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Full House At Anthology For Eliane Elias

Anthology filled to capacity for the Sept. 14 Eliane Elias show. Even on the third level, where there is limited sightlines to the bandstand, waiters were having to drag extra tables to accommodate the ever growing numbers of her fans.

While her rhythm section of husband Marc Johnson on solid-body upright bass, and fellow Brazilian drummer Rafael Beratta vamped, Elias made a grand entrance in a "little black dress", something she wears to great effect.

Sitting at the piano, she laced that vamp with bluesy, gospel inflections that indicated how much American jazz has imbued her consciousness since arriving in the US in the 1980s. This was a point that would surface many times in the show.

She announced the Antonio Carlos Jobim standard, "Chega de Saudade" as the next piece, and though it began with the familiar Bossa Nova groove, Elias and company quickly turned it into a swing fest after erupting into double-time on the second chorus.

Johnson let fly with a multi-note solo with frequent excursions into the cello register of his instrument, sounding uncannily like Gary Peacock a good deal of the time. Maybe it's their shared association with the late Bill Evans, at any rate, every time Johnson got the spotlight, he wowed the listener with his use of velocity, creative repetition and well timed double stops.

Toward the end of the piece they traded a series of eights, fours and twos with Baratta, a superb drummer who shares many of the attributes of Pat Metheny sideman Antonio Sanchez. Both share intricate ride cymbal patterns with an astonishing integration of multiple cowbell strikes and cross-sticking tom-tom poly-rhythms.

Further supporting her love of the Great American Songbook, Elias leapt into Gershwin's "They Can't Take That Away From Me" with obvious affection. She's got a huskier mid-range, but much of the same pure vulnerability as the great Brazilian songbird Astrud Gilberto who came to fame with Stan Getz in the 1960s.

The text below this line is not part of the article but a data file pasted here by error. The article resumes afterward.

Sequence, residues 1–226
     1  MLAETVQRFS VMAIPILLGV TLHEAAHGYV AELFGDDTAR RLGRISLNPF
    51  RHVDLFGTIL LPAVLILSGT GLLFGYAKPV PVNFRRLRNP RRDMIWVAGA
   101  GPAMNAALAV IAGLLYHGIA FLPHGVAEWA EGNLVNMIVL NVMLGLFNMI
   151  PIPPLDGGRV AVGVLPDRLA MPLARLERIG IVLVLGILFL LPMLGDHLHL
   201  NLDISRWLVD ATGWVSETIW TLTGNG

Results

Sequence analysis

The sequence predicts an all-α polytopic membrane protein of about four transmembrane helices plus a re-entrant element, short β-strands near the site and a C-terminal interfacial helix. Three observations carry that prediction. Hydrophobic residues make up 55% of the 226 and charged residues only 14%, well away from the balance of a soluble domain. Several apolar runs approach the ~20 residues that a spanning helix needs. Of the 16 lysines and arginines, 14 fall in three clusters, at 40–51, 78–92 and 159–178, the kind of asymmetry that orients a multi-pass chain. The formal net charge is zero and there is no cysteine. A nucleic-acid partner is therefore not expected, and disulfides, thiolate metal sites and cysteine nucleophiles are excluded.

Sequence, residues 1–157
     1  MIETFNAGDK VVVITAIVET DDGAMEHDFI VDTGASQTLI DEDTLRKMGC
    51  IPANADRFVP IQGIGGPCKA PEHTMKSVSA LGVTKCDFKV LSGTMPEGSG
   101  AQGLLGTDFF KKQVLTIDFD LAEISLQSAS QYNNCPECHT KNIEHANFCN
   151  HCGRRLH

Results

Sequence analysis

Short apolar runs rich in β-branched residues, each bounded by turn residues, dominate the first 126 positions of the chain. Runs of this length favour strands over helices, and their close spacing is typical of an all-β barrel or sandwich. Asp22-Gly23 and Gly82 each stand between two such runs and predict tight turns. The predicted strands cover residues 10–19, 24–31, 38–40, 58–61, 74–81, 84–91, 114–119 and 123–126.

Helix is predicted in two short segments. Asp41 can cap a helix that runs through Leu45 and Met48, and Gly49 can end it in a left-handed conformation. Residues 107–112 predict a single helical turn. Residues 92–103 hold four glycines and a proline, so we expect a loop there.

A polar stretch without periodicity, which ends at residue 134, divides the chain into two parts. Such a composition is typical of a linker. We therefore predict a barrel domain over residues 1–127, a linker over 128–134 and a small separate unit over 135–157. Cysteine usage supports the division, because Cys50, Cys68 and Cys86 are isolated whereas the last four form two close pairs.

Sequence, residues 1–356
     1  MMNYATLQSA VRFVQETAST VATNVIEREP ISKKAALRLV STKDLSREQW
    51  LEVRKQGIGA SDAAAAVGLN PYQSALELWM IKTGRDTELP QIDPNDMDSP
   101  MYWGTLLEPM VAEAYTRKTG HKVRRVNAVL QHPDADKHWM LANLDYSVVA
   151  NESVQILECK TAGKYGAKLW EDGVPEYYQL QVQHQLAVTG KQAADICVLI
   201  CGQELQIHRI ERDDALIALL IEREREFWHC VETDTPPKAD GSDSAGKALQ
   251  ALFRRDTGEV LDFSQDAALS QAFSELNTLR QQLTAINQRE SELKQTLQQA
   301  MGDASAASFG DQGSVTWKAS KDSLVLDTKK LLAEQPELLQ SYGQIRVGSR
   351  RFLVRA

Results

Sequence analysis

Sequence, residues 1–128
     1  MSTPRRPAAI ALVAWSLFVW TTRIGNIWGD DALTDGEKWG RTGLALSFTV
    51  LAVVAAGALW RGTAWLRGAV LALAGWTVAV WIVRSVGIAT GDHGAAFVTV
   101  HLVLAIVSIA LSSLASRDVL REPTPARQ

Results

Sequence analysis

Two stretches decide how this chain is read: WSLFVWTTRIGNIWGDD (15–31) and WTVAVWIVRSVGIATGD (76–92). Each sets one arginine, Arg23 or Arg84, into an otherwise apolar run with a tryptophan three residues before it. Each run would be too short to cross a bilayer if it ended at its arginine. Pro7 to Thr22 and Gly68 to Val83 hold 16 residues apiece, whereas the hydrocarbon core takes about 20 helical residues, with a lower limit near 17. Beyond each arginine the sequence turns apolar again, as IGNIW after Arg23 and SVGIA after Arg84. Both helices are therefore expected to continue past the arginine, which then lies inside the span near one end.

Showcasing the title tune from her latest release, Elias' arrangement of the rock standard "Light My Fire" was a bird of a different color, to be sure. Performed with a throbbing, slow pulse which allowed for her accented articulation of "few-neh-rahl pyre", the singer transformed the piece into even darker, more mysterious and languid territory--offset by serpentine strands of piano adventure.

The highlight moment came with her interpretation of "You And The Night And The Music," a standard from her Bill Evans tribute album a few years back. Attacking the tune with a wild swing abandon, Elias whipped out layers of overlapping ideas with intricate force and melodic invention. Johnson's solo began from the opposite aesthetic--it almost seemed as if the song had ended, and he was inventing a deliberate, measured response. Using a touch of digital delay, Johnson began building ideas that repeated as he elaborated, and altered their meaning.

The concert came to a close with a treatment of the Jobim classic "Desafinado". Once again the familiar Bossa Nova groove was re-invented into a swinging 4/4, featuring extended solos for piano, bass and drums.

After several minutes of standing ovation, Elias, Johnson and Beratta returned for a pitch-perfect excursion on "Girl From Ipanema", the song that began America's fascination with the Bossa Nova in 1964.

photo courtesy Eliane Elias